As a young minister in the 1980s, Mr Lee Hsien Loong had helped then Deputy Prime Minister Goh Chok Tong and his team develop the elected presidency scheme, which started out as a concept by founding Prime Minister Lee Kuan Yew.
He later assisted then Law Minister S. Jayakumar in drafting the White Papers on the scheme, published in 1988 and 1990.
As Prime Minister, he has also worked closely with two elected presidents, Mr S R Nathan and Dr Tony Tan Keng Yam, and had sought and received approval from Mr Nathan to draw on the reserves during the 2008 global financial crisis.
Yesterday, Mr Lee pointed to his familiarity with the elected presidency scheme as he explained why the institution needed to be adjusted now.
"I am doing it now because it would be irresponsible of me to kick this can down the road and leave the problem to my successors.
MY RESPONSIBILITY: Cannot kick can down the road
These changes are my responsibility. I am doing it now, because it would be irresponsible of me to kick this can down the road and leave the problem to my successors. They have not had this long experience with the system, and will find it much harder to deal with... I am sure the result will not be perfect. I fully expect that, one day, my successors will find it necessary to make further improvements and adjustments to the elected presidency scheme but I believe the changes in this Bill will make the elected presidency work better for Singapore, now and in the future.
PRIME MINISTER LEE HSIEN LOONG on why he decided to make changes to the elected presidency now.
"They have not had this long experience with the system, and will find it much harder to deal with," he said.
His experiences, he said, have given him insight into what the intention of the elected presidency scheme was when it was formulated, how it has worked in practice, how conditions have changed, and how the system should be fine-tuned.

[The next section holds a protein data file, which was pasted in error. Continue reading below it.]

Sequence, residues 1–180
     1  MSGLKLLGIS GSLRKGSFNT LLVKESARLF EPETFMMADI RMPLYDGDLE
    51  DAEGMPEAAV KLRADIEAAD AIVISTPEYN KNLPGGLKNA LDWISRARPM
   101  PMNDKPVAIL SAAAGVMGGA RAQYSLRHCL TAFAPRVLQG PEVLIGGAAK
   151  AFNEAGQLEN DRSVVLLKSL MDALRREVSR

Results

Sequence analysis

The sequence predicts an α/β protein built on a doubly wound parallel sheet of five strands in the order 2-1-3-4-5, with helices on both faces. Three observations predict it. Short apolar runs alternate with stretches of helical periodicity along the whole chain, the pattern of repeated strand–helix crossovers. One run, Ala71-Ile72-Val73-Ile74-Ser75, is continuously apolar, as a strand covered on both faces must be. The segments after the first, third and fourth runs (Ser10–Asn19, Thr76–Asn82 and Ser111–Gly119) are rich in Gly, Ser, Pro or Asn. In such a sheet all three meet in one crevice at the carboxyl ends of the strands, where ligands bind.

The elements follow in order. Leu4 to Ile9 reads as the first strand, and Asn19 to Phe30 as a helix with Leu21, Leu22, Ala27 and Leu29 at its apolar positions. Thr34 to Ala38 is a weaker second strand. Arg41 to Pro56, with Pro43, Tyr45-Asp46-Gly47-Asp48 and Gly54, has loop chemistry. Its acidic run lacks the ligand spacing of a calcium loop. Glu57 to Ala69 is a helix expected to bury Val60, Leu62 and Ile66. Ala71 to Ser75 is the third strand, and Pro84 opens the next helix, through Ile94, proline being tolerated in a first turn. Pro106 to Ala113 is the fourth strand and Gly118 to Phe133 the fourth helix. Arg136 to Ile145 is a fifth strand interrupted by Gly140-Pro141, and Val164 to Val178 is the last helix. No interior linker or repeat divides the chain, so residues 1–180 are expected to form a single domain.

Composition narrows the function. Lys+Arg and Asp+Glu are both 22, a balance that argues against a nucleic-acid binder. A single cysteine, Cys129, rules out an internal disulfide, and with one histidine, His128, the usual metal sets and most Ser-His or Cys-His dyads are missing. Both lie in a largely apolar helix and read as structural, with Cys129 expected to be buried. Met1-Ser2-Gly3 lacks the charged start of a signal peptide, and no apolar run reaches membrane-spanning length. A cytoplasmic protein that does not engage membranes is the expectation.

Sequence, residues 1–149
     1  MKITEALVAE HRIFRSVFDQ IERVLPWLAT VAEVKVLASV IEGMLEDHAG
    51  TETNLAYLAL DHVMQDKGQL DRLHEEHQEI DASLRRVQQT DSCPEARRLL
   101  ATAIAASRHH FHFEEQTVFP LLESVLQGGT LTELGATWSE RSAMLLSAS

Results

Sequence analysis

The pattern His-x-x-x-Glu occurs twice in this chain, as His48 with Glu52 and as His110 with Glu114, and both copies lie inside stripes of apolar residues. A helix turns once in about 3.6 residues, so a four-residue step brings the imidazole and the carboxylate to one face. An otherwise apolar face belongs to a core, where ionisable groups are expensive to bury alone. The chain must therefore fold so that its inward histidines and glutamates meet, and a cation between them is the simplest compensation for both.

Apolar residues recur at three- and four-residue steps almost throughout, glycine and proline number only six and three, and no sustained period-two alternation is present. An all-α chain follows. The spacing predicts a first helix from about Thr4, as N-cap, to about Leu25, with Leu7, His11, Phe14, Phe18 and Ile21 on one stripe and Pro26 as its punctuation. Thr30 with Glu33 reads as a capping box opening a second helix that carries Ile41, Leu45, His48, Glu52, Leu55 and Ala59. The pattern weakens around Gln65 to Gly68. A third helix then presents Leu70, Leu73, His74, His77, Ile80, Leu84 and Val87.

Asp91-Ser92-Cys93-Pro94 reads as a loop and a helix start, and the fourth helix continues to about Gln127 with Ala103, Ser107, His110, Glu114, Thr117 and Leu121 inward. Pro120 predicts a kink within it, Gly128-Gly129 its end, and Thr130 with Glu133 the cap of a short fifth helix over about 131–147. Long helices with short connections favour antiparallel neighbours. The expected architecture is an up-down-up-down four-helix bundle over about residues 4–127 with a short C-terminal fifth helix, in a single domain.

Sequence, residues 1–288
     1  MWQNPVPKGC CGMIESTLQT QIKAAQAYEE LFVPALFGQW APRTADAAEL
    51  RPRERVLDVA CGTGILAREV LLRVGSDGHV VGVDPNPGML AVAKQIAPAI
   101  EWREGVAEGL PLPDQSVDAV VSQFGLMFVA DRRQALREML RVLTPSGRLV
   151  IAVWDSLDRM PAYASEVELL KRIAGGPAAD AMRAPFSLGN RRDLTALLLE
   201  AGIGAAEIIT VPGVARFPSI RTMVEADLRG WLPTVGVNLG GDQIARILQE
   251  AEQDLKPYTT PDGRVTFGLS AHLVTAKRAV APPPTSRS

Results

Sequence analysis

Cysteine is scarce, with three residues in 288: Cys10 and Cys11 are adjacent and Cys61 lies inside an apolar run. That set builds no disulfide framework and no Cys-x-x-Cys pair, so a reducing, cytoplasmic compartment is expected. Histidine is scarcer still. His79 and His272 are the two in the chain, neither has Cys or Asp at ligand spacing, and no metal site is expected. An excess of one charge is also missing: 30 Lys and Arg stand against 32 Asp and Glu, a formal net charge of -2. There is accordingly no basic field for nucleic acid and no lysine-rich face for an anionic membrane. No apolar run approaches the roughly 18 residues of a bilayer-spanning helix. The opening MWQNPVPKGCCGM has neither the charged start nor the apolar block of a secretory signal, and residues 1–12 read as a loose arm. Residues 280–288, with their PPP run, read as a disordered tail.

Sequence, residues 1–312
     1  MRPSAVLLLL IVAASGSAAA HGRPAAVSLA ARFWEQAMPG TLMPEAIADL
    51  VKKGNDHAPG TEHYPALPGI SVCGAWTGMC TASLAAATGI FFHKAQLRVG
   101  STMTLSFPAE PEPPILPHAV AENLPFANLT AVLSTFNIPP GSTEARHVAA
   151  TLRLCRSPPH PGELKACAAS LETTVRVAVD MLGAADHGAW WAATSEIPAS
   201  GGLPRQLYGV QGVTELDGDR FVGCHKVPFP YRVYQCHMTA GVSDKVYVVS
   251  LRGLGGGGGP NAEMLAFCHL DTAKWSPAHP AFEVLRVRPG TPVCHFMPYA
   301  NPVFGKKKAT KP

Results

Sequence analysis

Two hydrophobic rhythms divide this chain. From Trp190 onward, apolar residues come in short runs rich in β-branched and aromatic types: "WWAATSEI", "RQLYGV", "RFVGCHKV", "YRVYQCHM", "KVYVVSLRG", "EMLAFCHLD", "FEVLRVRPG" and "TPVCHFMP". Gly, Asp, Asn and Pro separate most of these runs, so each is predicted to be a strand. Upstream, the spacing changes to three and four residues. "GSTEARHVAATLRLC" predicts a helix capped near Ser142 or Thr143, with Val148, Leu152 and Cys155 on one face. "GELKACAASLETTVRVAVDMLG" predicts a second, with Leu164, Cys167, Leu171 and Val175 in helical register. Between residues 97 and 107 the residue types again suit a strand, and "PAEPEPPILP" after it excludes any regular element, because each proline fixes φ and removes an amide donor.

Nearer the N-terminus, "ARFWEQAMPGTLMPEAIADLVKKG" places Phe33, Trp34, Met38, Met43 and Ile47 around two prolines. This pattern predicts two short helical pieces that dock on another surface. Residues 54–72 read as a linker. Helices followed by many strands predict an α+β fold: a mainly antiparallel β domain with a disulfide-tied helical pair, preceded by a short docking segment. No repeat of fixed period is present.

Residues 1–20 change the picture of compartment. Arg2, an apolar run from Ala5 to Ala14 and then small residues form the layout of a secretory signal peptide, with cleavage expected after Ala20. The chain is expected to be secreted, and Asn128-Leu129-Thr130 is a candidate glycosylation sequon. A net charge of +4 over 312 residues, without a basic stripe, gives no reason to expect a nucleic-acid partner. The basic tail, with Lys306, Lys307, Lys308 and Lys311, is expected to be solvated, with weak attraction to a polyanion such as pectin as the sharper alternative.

"Since the elected presidency began, I have been operating the mechanism that we designed, and discovering its glitches.
"I helped to refine and amend the scheme as we went along," he said during the debate on the proposed changes to the elected presidency under the Constitution of the Republic of Singapore (Amendment) Bill.
While the institution has been functioning well, he added, the changes made now are in the long-term interests of Singapore and will strengthen the elected presidency, which is an important stabiliser in the political system.
But further changes will still be needed in the future as the system has to be continually refined, he said.
"I am sure the result will not be perfect. I fully expect that one day, my successors will find it necessary to make further improvements and adjustments to the elected presidency scheme."
Mr Lee added that the refinements are "not cast-iron and foolproof", and things can still go wrong with politics in Singapore.
What the changes will do is reduce the chances of this, he said, adding: "Ultimately our safety, and our future, lie in the hands of Singaporeans. We must rely on Singaporeans to remain united, so that our politics can be constructive and cohesive."